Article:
Nepal, the home of temples; mountains, fluttering prayer flags, spirituality and peace. It has been on our travel wish-list for years having dreamed of tackling the Annapurna Circuit by bike and indulging in the delicious dhal bats.
After a 12 hour flight, arriving in Kathmandu was an explosion of the senses, the traffic, honking of horns, thick smog, dust and organised chaos was a sight to behold. Our first few days exploring the Thamel district was mainly in preparation for the Annapurna Circuit, grabbing our last minute bargains for those extra layers that we would need to survive the -15 temperature on Thorung La Pass. From our research, we knew of course that the Himalayas were the ultimate goal for mountain lovers as you can explore the trails to Everest and the Annapurnas taking in the incredible mountain scenery and gigantic mountain peaks. A feast for the eyes; the scale of which are still overwhelming to comprehend.
During our stay in Kathmandu we couldn’t miss visiting the Swayambhunath Stupa which is among the oldest religious sites in Nepal. The area is made up of a variety of shrines and temples some dating back to the Licchavi period. A Tibetan monastery sits on the hill next to a museum and library which are the more recent additions to the site. After you climb the steep steps to the top and slowly catch your breath the views of the Kathmandu Valley burst into sight. The hand painted Buddha’s eyes watch as you wander around while the monkeys await to pounce. One of the little buggars went for my water bottle, I screamed and it fled. After Gibraltar I know their game.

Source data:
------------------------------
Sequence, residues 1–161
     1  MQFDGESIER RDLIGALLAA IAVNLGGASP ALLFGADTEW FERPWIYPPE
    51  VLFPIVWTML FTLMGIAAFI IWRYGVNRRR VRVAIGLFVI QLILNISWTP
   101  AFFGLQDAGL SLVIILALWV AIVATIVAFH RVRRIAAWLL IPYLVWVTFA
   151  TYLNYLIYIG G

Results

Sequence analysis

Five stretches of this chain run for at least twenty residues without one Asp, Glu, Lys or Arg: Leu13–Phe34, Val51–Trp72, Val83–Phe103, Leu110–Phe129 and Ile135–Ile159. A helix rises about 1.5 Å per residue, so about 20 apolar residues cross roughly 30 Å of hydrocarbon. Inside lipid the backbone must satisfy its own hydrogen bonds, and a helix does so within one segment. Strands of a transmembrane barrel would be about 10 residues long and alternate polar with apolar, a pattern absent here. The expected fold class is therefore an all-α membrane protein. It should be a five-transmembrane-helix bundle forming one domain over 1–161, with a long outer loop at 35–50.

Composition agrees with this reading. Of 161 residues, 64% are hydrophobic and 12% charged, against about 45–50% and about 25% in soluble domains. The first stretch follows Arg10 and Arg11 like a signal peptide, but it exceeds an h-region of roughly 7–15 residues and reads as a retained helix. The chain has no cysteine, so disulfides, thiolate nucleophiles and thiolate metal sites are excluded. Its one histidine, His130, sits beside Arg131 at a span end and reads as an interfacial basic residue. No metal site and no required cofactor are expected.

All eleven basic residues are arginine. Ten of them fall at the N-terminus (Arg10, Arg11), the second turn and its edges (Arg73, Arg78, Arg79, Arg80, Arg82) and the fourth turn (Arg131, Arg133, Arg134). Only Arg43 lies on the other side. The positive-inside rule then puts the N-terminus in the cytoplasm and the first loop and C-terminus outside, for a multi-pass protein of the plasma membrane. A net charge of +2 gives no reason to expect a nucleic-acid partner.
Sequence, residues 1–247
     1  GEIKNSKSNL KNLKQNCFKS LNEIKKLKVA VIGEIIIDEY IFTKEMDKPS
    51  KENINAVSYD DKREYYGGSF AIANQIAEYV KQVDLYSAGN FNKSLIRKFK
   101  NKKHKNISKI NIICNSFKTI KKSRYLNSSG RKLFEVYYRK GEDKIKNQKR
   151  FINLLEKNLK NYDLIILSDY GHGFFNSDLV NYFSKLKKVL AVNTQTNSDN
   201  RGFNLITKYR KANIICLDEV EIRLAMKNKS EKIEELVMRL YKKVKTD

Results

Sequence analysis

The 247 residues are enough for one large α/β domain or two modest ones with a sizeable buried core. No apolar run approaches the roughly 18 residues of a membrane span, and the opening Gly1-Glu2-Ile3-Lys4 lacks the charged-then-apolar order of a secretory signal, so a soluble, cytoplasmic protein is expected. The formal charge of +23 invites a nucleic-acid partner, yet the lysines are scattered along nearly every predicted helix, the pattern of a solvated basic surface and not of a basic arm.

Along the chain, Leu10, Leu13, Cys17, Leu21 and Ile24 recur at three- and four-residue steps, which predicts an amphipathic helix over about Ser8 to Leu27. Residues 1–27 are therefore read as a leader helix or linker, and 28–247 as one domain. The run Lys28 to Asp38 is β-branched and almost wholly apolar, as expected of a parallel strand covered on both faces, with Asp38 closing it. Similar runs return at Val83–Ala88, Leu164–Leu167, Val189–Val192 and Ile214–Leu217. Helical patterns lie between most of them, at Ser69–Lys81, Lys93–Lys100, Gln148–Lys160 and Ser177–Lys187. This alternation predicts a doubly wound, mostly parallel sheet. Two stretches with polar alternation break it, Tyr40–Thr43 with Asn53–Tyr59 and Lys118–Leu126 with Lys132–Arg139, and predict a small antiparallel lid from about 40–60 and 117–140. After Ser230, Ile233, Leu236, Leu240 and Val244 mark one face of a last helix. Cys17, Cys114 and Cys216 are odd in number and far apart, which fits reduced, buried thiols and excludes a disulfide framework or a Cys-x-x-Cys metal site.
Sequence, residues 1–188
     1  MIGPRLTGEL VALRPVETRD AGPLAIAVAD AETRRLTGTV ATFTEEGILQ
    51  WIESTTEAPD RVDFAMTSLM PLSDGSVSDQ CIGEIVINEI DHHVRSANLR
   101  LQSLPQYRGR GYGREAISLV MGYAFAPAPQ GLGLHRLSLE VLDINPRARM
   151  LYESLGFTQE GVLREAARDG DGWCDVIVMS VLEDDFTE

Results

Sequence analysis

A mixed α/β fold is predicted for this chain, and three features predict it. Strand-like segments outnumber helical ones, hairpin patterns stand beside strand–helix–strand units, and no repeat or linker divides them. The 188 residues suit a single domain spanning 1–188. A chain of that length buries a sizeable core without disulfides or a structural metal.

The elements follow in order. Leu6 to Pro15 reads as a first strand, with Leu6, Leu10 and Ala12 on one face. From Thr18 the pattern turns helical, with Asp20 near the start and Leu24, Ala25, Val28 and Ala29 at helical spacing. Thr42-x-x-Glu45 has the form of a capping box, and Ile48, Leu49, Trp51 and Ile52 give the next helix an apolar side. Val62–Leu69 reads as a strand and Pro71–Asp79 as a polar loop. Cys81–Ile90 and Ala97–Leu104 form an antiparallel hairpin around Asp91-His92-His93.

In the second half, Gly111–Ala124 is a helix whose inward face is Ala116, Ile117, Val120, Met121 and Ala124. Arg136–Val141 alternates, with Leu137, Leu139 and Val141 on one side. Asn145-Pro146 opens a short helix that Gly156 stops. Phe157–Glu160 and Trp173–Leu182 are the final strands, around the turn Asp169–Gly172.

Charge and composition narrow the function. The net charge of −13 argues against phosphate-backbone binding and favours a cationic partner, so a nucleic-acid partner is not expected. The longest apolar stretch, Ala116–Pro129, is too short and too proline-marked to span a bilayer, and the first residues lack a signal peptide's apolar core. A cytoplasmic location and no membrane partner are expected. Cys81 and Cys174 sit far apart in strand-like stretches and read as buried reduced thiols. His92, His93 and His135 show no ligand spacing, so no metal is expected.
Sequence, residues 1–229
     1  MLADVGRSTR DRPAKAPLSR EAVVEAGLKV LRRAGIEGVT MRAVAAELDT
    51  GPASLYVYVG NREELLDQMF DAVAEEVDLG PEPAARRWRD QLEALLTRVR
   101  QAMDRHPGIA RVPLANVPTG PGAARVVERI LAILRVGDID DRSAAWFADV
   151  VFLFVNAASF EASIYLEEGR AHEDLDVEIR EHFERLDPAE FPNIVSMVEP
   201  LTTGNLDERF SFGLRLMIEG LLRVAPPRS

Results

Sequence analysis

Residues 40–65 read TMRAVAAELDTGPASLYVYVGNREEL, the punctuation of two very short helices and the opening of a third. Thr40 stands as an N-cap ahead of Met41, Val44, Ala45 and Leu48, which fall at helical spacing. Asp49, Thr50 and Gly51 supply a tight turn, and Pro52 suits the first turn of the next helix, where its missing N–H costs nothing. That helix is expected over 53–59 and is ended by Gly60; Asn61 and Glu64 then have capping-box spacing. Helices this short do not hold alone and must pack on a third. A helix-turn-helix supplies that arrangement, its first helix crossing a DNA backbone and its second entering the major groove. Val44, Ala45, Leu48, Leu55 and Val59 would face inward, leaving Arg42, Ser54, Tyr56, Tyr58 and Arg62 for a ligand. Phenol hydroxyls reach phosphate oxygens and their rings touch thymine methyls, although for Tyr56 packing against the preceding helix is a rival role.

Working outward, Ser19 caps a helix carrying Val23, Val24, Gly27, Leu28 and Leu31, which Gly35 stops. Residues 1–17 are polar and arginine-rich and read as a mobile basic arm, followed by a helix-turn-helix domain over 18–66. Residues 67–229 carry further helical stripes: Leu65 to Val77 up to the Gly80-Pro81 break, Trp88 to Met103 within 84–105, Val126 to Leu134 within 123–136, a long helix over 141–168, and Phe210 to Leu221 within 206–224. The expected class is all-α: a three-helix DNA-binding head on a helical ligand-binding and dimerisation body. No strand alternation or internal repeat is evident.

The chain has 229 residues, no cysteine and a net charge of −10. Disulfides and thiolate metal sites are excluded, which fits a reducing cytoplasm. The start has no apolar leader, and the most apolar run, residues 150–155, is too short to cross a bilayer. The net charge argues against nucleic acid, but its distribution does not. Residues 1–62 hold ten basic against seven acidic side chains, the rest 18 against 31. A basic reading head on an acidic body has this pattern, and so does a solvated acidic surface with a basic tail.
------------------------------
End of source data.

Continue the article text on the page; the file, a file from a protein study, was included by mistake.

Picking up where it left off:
Even after the 2015 earthquake, Nepal remains a popular destination for tourists, who are slowly helping to inject the funds needed for Nepal to rebuild. Like us, I guess visitors love to explore the Kathmandu Valley and its abundance of palaces, hidden backstreet shrines and stunning temple art. You can also enjoy the coffee, wander around the trekking and craft shops and the assortment of restaurants of Thamel but knowing that you can escape the hustle and bustle and nip off to the countryside where lies a quiet retreat away from the chaos. Life goes at a slower pace here once you surround yourself in the beauty of the mountains and lush jungle terrain.
After experiencing the fore-mentioned chaos of Kathmandu, Mat and I hopped in an eco-van with our friendly Max Verstappen behind the wheel and headed to Pokhara, the second biggest city in Nepal. The journey was a gruelling 6-7 hours of bumpy roads, dodgey overtaking, vehicles overturned but stunning views, all the while with our bikes precariously strapped to the roof hoping they would survive. Despite being the second biggest city, Pokhara is relatively chilled. The metropolitan atmosphere is relaxed and the coffee houses pretty dam good. The views of Machhapuchhre mountain and its 6,993m peak peer above the clouds whilst the daily abundance of thrill seekers paraglide their way down over the lake from Sarangkot. Pokhara is the place where we would begin the Annapurna Circuit route, working our way up to Sarangkot and into the mouth of the Himalayas.
Eileen, Andy, Rob, Emma, Mat and myself had one stop pinned on the map to help inspire the six of us who had joined forces to conquer the Annapurna, the International Mountain Museum. We wanted to find out more about Nepal’s eight thousand meter high peaks, the names of successful summiteers including the first from M. Herzog and Louis Lachenal who scaled up Annapurna on 3 June, 1950. There is not only information about the Himalayan range but also about the environment, geology and species, as well as the sherpas and porters who conduct the brave and selfless clean up efforts on the mountains. It was a beautiful museum which injected some energy and excitement to pedal the intimidating and looming Thorung La Pass.